U.S airline manufacturer Boeing is coming under renewed criticism following disclosures that its latest deal with Iran is being inked with a senior regime official and leading member of the country’s Revolutionary Guard Corps, which has sponsored terrorism across the Middle East and is responsible for helping to kill U.S. soldiers.

Boeing’s latest deal—which the Washington Free Beacon first reported last week has been put under a critical review by the Trump administration—is being inked with Iran Aseman Airlines, which is owned and controlled by the state. The CEO of Aseman Airlines is Hossein Alaei, a “prominent and longtime member of Iran’s Islamic Revolutionary Guard Corps,” or IRGC, according to several members of Congress who are petitioning the Trump administration to cancel the sales.

Sen. Marco Rubio (R., Fla.) and Rep. Peter Roskam (R., Ill.) expressed concern that Boeing’s sale of around 60 new planes to Aseman Airlines will bolster the IRGC’s global terrorism operation and help the Iranian regime transport weapons and troops to conflict areas such as Syria.

The lawmakers called on the Trump administration to immediately suspend licenses permitting these sales and conduct a review of Iran’s effort to use commercial aircraft for illicit activities.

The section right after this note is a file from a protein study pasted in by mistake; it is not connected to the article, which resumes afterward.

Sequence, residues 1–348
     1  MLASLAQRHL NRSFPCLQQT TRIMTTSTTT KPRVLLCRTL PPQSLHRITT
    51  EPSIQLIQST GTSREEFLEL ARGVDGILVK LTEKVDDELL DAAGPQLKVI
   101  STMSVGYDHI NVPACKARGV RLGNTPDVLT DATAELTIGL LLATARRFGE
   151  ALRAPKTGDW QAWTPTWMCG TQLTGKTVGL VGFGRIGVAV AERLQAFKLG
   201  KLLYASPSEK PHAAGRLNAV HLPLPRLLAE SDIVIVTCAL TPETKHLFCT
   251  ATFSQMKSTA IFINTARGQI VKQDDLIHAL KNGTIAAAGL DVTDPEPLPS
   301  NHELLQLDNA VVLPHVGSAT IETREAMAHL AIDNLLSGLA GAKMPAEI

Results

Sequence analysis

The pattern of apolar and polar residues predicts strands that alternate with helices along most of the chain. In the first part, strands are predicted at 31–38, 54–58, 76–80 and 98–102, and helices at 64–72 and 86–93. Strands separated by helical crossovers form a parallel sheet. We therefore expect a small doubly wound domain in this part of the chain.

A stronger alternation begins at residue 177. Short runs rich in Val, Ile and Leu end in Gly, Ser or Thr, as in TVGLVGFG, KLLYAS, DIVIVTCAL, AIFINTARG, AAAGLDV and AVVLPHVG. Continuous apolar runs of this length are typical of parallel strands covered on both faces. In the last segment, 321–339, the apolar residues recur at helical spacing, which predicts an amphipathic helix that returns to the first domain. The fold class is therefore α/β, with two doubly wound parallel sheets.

“Iran, the world’s leading state sponsor of terrorism, has systematically used commercial aircraft for illicit military purposes, including to transport troops, weapons, and cash to rogue regimes and terrorist groups around the world,” the lawmakers wrote. “The possibility that U.S.-manufactured aircraft could be used as tools of terror is absolutely unacceptable and should not be condoned by the U.S. government.”

Rubio and Roskam asked the administration to “suspend current and future licenses for aircraft sales to commercial Iranian airlines until your administration conducts a comprehensive review of their role in supporting Iran’s illicit activity.”

Instead of granting Boeing a license for these sales, the United States should take immediate steps to “revoke authorizations and re-impose sanctions on Iranian airlines found guilty of such support, and should bar U.S. companies from selling aircraft to Iran until the Iranian regime ceases using commercial airliners for illicit military purposes,” according to the letter.

The latest information about Boeing’s deal with Aseman Airlines and IRGC leader Alaei has only heightened concerns about the danger of the Trump administration approving the sales.

Alaei served as commander of the IRGC Navy until 1990. During that time, Alaei oversaw the harassment of U.S. forces in the Persian Gulf and efforts by the IRGC Navy to plant mines in international waters.